Hillary Clinton struggled through an 'awkward' answer about her six-figure Goldman Sachs speaking fees

Why Aren't Some Young Women Backing Hillary?
Why Aren't Some Young Women Backing Hillary?

Hillary Clinton struggled Wednesday night through an answer about the large paychecks she received from investment bank Goldman Sachs for several speeches, yet argued it would not corrupt her judgment when it comes to regulating the finance industry.


During a CNN town-hall event Wednesday, moderator Anderson Cooper asked if Clinton used poor judgment by accepting $675,000 from Goldman Sachs for three speeches. The Democratic presidential front-runner said she was simply following the footsteps of past secretaries of state.

Watch Clinton answer below:

"I don't know. That's what they offered," she said. "Every secretary of state that I know has done that."

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When Cooper asked how she thought the speeches would appear during a presidential campaign, Clinton suggested she hadn't thought about such implications because she wasn't sure if she would run for president.

"When I was secretary of state, several times I said, 'You know, I think I'm done.' And so many people came to me, started talking to me," Clinton said. "The circumstances, the concerns I had about the Republicans taking back the White House, because I think they wrecked what we achieved in the 90s with 23 million new jobs, I did not want to see that happen again."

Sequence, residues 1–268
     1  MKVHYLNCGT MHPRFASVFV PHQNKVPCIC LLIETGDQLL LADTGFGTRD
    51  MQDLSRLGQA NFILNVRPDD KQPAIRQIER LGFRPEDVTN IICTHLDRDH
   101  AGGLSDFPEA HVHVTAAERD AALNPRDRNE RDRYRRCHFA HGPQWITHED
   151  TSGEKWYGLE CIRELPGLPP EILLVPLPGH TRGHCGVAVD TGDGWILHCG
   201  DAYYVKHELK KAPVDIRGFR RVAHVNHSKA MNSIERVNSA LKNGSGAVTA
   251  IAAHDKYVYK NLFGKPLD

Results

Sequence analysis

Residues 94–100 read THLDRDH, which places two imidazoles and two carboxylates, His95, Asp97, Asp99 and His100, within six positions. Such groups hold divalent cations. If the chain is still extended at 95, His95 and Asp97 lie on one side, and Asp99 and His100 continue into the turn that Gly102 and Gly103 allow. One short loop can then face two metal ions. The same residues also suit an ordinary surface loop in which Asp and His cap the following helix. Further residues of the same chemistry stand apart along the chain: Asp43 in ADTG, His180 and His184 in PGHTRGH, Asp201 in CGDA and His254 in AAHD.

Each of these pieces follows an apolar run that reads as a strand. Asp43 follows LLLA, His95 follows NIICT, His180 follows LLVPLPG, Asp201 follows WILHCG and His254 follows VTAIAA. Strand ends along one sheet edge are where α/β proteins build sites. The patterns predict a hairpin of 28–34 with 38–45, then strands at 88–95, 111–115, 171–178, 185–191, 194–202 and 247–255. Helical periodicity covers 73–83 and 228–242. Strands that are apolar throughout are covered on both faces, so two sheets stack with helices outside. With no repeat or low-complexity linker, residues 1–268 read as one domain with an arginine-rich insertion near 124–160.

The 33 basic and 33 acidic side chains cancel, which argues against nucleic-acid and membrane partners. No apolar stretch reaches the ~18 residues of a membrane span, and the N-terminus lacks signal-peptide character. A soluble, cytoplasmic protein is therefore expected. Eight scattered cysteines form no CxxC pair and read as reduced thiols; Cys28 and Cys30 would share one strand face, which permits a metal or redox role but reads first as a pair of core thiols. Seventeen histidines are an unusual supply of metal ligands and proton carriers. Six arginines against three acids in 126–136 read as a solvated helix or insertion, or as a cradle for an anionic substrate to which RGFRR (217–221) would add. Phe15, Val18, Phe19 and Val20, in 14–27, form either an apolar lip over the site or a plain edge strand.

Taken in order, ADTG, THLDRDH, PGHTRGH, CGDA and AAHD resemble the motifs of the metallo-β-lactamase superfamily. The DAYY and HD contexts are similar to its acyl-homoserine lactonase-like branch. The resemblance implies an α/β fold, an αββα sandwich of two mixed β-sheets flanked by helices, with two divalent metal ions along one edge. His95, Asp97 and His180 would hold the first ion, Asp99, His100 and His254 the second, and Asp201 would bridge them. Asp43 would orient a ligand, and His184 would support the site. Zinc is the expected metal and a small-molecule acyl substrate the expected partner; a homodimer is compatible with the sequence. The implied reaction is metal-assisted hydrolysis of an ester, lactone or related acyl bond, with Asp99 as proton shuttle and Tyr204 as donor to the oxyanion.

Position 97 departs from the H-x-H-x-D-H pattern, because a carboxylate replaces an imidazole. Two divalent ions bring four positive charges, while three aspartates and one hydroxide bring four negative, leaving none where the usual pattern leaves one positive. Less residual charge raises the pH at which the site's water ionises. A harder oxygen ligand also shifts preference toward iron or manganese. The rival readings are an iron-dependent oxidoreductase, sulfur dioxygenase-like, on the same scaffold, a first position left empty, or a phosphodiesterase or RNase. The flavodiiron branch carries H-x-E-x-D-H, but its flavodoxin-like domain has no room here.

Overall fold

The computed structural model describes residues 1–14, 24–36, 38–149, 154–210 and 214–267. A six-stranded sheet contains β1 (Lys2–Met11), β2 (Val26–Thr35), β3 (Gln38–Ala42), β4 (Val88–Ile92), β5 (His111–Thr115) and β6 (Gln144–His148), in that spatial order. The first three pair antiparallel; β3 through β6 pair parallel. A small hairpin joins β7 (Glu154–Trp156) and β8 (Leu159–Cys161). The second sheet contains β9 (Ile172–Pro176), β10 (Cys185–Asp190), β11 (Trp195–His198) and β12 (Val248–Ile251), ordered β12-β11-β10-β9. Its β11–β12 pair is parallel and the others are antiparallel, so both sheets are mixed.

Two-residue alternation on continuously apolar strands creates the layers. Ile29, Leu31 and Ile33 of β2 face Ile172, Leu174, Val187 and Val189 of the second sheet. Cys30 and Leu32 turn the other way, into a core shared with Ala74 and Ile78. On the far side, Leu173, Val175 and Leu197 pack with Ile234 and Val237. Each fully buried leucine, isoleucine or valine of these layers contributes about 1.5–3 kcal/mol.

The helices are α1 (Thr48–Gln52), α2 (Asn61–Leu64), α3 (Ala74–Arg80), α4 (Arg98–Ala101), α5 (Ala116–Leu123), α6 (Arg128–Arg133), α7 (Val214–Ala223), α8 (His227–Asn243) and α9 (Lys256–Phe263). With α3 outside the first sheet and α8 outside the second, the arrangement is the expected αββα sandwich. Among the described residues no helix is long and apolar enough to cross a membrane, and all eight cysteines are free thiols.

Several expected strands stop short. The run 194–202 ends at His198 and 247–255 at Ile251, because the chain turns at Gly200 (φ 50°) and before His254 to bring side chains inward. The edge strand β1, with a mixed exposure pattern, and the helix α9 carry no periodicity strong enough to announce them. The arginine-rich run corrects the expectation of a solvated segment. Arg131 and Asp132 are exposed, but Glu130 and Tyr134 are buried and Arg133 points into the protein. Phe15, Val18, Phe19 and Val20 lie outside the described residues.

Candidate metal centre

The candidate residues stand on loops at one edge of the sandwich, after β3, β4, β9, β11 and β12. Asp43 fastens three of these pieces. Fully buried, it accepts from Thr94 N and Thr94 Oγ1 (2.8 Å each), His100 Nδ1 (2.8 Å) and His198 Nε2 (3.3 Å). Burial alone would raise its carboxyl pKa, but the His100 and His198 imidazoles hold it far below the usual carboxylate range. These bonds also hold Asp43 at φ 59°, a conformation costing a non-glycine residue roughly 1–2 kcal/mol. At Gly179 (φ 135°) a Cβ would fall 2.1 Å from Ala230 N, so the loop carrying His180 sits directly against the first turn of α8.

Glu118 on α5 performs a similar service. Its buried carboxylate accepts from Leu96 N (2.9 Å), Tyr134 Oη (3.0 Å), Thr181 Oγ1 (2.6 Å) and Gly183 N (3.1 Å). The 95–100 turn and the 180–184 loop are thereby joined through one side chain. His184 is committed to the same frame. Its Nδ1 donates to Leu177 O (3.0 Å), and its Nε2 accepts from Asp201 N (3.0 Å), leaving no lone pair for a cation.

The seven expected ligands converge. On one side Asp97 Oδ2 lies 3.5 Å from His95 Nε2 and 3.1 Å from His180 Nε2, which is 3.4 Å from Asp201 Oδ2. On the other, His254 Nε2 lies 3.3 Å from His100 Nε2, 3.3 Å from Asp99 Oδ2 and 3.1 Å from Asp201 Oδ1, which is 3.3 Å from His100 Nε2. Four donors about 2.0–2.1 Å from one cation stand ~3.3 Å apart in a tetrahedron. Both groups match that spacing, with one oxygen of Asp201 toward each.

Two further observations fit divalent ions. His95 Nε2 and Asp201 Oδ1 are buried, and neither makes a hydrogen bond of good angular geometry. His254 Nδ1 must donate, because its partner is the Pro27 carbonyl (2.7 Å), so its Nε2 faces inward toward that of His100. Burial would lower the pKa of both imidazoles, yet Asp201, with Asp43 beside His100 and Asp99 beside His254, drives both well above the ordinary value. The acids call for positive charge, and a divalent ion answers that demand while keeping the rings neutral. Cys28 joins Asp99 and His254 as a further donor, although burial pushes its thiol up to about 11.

She continued:

"But, you know, anybody who knows me who thinks they can influence me: Name anything they've influenced me on. Just name one thing. I'm out here every day saying I'm going to shut them down. I'm going after them."

She later added: "They're not giving me that much money now."

But Clinton's critics have attempted to use the speaking fees to highlight the former secretary of state's cozy relationship with Wall Street.

Sen. Bernie Sanders (I-Vermont), Clinton's chief rival for the Democratic nomination, has frequently highlighted her Goldman speaking fees.

His campaign quickly noted the moment Wednesday night. It sent out a release to reporters detailing Clinton's connections to the investment bank, along with news clips describing the role that Goldman Sachs played in the lead-up to the 2008 financial crisis.

Clinton's answer prompted several others, like former Obama senior adviser David Axelrod, to question why she still does not appear to have a concrete answer for a question that has come up repeatedly on the campaign trail:

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